‘Too often the debate has been about party politics and the public has been shut out of discussing how we choose our MPs.’
So said Katie Ghose, Chair of the euphemistically titled YES! to Fairer Votes and CEO of the Electoral Reform Society, in her final speech of the AV campaign. In that one line, Katie unintentionally captured exactly what was wrong – not with the ‘debate’ in general – but her campaign in particular, and why it was so comprehensively defeated last week.
Back in January 2011 the NO to AV campaign, for which I was the Head of Press, faced a dilemma. We knew we were being outspent – leaked documents in the Sunday Telegraph had revealed the YES campaign already had around £2 million in the bank, and we weren’t even close to a quarter of that.
They had also recruited Obama’s digital team, established local campaign offices and phonebanks the length and breadth of the country, and were planning a huge advertising buy.
Faced with such a huge discrepancy in spending, we knew NO to AV had to utilise our slim resources in the most effective way possible – by controlling the media, otherwise known as the ‘airwar’.
The trouble was, the media weren’t interested in AV. Up until this point we’d had two good media days. The first was when we announced our Patrons, ruffling many a feather by pulling out senior and respected Labour figures to work alongside Conservative cabinet ministers. The second was when we followed it up a month later by announcing that over 100 Labour MPs were set to vote NO.
Every other piece of research or story idea we’d released had been ignored, buried or slipped away unnoticed. It was clear that the only time the Alternative Vote would be of interest to journalists was when the story had a political edge – hence our two isolated successes.
We needed a new strategy.
So, if the only way we were going to compete with the YES to AV cash was by utilising the media, and the only way the media were going to write about AV was if we made the fight political, then that was exactly what we had to do.
The first part of the strategy was to make the argument about the cost of AV. This proved an instant winner with the friendlier newspapers. The mid-markets, tabloids and even the broadsheets began to run stories about our £250 million figure. And when that interest began to die down, the YES campaign strode into the argument and started talking about it all over again!
In focus groups in October 2010 not one person had talked about cost. When we re-ran the groups in March 2011, every group repeated the £250 million cost of AV back to us.
The second part of the strategy was to make it a referendum on Nick Clegg. If we talked about Nick, the YES poll numbers fell. We created adverts and leaflets only designed to be talked about in the media, and the papers duly obliged.
And, just as we ran out of stories about Nick Clegg the YES campaign were once again kind enough to get his name back in the papers. When Ed Miliband played footsie with Nick and saying first he would, then he wouldn’t, share a platform with the Deputy Prime Minister that was further good news for us.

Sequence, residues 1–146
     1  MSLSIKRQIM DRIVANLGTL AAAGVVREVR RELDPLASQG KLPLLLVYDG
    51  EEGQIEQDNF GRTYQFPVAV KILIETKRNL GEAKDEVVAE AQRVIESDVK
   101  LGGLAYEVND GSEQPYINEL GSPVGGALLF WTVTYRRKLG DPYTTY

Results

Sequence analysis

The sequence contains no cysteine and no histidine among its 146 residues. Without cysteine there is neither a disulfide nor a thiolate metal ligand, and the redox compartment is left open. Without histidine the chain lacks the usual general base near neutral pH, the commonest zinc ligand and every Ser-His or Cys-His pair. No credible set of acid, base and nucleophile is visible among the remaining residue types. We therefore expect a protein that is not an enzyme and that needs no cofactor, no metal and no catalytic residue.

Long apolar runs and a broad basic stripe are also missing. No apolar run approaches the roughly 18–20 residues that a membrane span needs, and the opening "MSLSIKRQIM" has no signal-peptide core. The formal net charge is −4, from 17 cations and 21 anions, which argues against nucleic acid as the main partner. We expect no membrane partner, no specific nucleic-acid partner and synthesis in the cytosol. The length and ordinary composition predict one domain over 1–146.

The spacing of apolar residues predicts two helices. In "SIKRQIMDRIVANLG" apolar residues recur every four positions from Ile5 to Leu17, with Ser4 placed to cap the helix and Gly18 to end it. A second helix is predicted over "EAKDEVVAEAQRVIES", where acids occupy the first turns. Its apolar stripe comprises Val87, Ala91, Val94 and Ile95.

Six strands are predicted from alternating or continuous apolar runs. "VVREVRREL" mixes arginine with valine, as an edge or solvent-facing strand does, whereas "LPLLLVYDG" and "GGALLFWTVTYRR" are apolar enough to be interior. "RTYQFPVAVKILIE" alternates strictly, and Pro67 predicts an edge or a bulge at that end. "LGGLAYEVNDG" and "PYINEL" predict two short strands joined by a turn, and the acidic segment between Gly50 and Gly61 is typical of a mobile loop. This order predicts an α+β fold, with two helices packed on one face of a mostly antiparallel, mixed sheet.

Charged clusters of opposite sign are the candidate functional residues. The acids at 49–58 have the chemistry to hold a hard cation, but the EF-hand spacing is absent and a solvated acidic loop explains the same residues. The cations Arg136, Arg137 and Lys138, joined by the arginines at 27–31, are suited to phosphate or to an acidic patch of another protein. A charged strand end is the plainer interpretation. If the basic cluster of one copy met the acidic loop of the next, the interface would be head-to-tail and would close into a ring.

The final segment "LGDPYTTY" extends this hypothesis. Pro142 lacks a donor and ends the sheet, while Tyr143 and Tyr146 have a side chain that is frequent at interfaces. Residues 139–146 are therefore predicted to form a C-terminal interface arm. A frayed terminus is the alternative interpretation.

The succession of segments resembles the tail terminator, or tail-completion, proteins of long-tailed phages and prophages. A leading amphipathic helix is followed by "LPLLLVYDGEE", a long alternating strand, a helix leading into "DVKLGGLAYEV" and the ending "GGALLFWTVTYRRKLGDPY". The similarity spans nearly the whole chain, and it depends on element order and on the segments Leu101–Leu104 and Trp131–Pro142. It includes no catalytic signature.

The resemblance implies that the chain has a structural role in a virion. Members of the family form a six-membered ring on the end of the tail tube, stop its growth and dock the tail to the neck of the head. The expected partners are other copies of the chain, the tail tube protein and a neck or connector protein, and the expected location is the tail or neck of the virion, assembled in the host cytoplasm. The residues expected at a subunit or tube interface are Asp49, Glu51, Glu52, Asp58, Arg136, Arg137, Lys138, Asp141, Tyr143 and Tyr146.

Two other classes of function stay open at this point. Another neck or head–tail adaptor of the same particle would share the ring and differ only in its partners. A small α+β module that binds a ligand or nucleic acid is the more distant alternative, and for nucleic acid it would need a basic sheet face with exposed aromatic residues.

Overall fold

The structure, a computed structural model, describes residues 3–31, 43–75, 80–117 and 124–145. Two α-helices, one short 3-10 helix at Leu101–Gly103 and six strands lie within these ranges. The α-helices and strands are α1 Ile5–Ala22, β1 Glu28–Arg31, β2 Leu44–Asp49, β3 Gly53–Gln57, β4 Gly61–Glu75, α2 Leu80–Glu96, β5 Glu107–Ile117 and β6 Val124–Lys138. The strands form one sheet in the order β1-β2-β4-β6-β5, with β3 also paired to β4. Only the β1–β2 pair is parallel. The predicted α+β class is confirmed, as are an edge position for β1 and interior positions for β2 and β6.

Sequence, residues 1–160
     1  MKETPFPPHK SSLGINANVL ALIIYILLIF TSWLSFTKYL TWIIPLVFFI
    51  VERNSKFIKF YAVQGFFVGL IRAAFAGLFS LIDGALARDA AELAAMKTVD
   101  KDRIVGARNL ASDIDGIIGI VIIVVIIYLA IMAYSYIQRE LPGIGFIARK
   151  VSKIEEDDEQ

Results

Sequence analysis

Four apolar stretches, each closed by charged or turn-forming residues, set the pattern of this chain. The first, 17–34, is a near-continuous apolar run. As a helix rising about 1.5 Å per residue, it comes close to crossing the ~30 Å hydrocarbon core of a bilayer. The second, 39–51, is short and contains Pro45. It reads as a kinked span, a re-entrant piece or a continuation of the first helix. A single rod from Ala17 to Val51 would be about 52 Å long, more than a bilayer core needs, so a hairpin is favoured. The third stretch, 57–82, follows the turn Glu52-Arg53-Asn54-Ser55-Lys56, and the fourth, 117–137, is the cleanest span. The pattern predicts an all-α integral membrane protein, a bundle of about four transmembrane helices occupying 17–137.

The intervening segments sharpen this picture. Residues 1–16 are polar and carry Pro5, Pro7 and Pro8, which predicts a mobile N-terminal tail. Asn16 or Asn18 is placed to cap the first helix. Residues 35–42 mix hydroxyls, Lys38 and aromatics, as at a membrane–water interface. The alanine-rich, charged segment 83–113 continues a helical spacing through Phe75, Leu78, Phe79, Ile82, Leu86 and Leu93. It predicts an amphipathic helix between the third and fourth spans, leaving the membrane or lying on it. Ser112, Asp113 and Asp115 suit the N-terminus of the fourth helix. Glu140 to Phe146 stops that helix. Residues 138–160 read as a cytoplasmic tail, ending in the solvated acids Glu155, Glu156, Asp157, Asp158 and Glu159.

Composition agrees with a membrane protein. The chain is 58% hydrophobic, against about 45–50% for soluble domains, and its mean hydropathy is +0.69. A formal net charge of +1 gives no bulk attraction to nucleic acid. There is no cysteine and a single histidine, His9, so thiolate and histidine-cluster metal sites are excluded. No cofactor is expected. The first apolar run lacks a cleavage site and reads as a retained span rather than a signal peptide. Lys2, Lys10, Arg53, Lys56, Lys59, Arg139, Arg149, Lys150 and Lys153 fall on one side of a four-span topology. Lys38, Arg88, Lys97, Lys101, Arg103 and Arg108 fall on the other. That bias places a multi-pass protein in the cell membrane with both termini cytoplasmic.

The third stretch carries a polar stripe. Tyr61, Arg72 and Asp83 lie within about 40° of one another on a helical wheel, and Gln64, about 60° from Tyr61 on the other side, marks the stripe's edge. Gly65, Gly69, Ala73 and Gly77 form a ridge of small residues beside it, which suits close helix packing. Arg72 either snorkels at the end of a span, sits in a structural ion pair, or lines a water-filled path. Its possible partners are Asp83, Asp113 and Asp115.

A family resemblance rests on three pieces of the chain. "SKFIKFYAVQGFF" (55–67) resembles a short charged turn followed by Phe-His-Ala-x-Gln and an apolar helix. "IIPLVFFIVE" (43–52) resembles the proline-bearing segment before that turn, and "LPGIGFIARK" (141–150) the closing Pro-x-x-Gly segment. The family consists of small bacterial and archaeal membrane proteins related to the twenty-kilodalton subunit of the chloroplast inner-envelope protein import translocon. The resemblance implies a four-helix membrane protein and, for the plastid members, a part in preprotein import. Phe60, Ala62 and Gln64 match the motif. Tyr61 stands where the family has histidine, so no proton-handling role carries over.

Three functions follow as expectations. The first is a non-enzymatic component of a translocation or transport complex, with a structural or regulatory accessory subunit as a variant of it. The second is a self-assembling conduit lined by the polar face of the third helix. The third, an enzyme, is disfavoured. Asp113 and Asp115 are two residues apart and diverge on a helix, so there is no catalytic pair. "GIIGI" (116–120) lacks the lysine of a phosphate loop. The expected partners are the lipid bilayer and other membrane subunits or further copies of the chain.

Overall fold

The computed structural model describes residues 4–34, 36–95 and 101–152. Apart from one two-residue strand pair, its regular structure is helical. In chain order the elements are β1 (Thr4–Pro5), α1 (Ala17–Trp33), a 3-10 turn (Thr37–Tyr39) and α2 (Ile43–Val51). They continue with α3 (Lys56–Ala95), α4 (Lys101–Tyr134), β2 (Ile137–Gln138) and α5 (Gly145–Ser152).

By the beginning of April we faced the same dilemma we’d had in January. Our stories highlighting the claim that one of the YES campaign’s largest donors (the Electoral Reform Society) had a financial interest in AV briefly titillated the media. But journalists judged our follow-ups uninteresting. If they didn’t fit into the prism of coalition politics, the media turned its nose up at AV stories.
Just as with Cost and Clegg, it was YES that saved the day, this time in the form of Chris Huhne. Understandably frustrated with the way the YES campaign was being run, the Energy Secretary, alongside Vince Cable, stepped in to assume control.
Their method for wrestling the advantage back from NO to AV was to use a different senior Lib Dem each week to say something outrageous and newsworthy. It began with Huhne calling Sayeeda Warsi ‘Goebbels’ and continued with attacks on the NO campaign from Paddy Ashdown, Huhne again, Simon Hughes, Huhne some more, Tim Farron and one Chris Huhne.
Every Sunday throughout April, one Lib Dem grandee after another would appear in the Observer or the Independent on Sunday saying something more headline-grabbing than the next. And each time the following week was dominated by their outbursts.
If, therefore, Katie Ghose wants to blame someone for the debate becoming about party politics in the final four weeks of the AV campaign, she need look no further than the Lib Dems.
But, in truth, she shouldn’t blame them, or anyone else.
As the final and emphatic result showed, the public simply did not want to discuss how we choose our MPs. The media knew this and so only ran those AV stories that were about something else than the precise technicalities of reform. The NO campaign, of which I am proud to have been a part, appreciated this media reality and so gave journalists those stories we knew would interest them. At the end of the day, senior Lib Dems knew this too, and came to use the AV referendum as means of sounding-off about the coalition and the Conservatives.
The lesson for future campaigns should be clear: if you try to make a referendum about one issue, and the media aren’t buying it, you are doomed to failure.
On Friday, Katie and the Yes campaign learned this lesson the hard way.
Dylan Sharpe was Head of Press for NO to AV and holds a BA in History and Politics from the University of Nottingham.